France has been rabies-free among nonflying mammals since 2001. Despite this status , the rabies virus has been introduced several times through noncommercial pet movements, posing a threat of infection by this 100%-lethal zoonosis among local animal and human populations. To quantify the risk of rabies being introduced through worldwide noncommercial dog and cat movements, we performed a quantitative risk assessment using stochastic scenario tree modeling. The mean annual probability of at least one rabies introduction incident was 0.35 (median: 0.24, 90% prediction interval (PI) [0.04; 0.98]) and the mean annual number of rabies-infected pets introduced through pet movements was 0.96 (median: 0.27, 90% PI [0.04; 3.88]). These results highlight a nonnegligible, even high risk due to the associated consequences of such events. In alternative scenario testing, preventive anti-rabies vaccination proved to be an effective measure since removing the vaccination requirement led to a > 15-fold increase in risk. The serological testing requirement had less of an effect (approxi-mately twofold increase when removed) and the posttest waiting period to ensure that antibodies were not linked to an infection had a negligible effect. Any change in pet owner compliance, especially regarding vaccination, could have a major impact on the risk. This study also shows that reinforced border control staff training could be more effective in reducing risk than more frequent checks. These results provide quantitative data for assessing the probability of the rabies virus entering France, and could help policymakers decrease this risk in rabies-free areas.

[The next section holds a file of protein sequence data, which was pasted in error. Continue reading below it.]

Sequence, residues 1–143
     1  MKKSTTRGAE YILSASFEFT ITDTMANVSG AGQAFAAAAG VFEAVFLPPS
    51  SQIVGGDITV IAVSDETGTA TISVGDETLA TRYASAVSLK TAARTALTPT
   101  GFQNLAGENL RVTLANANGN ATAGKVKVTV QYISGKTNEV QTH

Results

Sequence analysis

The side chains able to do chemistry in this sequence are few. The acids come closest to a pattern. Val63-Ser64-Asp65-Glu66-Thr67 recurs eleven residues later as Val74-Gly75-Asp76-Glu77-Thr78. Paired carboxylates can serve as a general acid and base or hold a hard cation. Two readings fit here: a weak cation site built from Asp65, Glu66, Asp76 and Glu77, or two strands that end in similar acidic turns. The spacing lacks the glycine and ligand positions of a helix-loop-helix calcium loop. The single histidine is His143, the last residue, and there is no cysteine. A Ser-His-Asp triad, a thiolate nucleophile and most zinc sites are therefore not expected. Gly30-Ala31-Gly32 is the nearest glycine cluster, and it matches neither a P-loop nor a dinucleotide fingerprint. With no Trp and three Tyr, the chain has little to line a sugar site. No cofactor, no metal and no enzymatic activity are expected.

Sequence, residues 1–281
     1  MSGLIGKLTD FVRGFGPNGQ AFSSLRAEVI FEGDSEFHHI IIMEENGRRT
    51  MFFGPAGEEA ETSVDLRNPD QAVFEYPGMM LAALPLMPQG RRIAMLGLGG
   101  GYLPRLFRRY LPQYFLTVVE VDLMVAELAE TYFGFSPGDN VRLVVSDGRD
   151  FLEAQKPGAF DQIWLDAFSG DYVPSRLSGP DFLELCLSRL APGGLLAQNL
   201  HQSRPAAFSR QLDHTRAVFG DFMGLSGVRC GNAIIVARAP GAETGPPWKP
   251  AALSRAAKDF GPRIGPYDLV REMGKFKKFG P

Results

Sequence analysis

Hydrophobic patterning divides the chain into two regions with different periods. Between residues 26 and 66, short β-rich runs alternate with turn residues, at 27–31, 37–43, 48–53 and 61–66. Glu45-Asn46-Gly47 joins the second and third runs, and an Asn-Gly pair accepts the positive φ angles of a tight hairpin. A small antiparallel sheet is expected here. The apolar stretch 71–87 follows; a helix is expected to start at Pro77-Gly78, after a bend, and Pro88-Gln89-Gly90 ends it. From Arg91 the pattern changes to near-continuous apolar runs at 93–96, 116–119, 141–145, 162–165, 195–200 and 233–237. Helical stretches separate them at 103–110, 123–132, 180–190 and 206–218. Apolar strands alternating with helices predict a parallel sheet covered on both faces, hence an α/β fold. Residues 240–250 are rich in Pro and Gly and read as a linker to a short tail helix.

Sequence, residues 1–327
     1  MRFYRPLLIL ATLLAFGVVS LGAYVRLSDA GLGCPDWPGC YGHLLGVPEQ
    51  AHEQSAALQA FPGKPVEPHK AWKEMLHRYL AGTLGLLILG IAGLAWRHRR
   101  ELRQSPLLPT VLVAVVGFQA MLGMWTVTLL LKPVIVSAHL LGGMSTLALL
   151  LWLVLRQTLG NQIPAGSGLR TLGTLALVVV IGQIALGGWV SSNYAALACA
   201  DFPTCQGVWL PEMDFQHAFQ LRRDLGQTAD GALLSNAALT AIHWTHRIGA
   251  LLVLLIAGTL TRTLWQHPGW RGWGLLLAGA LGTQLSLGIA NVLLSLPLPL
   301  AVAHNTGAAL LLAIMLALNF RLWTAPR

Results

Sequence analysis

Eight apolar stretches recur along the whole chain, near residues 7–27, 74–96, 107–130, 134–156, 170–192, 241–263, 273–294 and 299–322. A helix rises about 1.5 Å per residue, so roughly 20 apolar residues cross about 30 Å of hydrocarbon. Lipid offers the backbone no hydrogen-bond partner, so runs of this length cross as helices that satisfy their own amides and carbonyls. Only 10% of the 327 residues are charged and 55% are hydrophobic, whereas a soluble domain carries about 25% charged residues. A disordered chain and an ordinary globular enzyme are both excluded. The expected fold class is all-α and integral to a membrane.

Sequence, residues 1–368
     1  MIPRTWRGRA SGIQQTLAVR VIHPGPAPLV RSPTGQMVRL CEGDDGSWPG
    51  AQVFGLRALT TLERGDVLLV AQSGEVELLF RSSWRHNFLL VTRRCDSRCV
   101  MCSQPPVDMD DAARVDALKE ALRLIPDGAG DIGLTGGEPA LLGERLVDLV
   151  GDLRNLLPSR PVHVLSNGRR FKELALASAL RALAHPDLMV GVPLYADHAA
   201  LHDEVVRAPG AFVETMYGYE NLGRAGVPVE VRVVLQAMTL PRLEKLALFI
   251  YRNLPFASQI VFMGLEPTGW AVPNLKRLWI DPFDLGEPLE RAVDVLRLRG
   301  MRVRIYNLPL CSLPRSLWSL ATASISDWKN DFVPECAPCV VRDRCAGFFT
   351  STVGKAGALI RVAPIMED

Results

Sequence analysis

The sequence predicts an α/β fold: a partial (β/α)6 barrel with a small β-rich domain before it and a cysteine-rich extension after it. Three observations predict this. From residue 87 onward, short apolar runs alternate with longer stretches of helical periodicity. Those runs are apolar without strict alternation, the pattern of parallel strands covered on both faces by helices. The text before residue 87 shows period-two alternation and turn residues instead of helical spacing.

Tick-borne pathogens (TBPs) include a wide range of bacteria, parasites and viruses that cause a large spectrum of animal, human and zoonotic tick-borne diseases (TBDs). The object of this review was to establish an inventory and an analysis of TBPs found in domestic animals in the countries of the Mediterranean Basin. This geographic area occupies a central position between several continents and is an area of movement for animals, humans and pathogens of interest and their vectors, which is important in terms of animal and human health. In this systematic review, we included a total of 271 publications produced between 2000–2021 concerning TBPs in domestic animals. Among this literature, we found a total of 90 pathogen species (known as TBPs) reported in the 20 countries of the area; these were detected in tick species from domestic animals and were also directly detected in domestic animals. In all, 31 tick species were recorded and 12 domestic animal species, the latter comprising nine livestock and three pet species. More than 50% of the publications were from Western Europe. Island data were extracted and assessed, as islands of the Mediterranean Basin were represented in 16% of the publications and 77.8% of the TBPs reported. Our results show the importance of islands in the monitoring of TBPs, despite the low percentage of publications.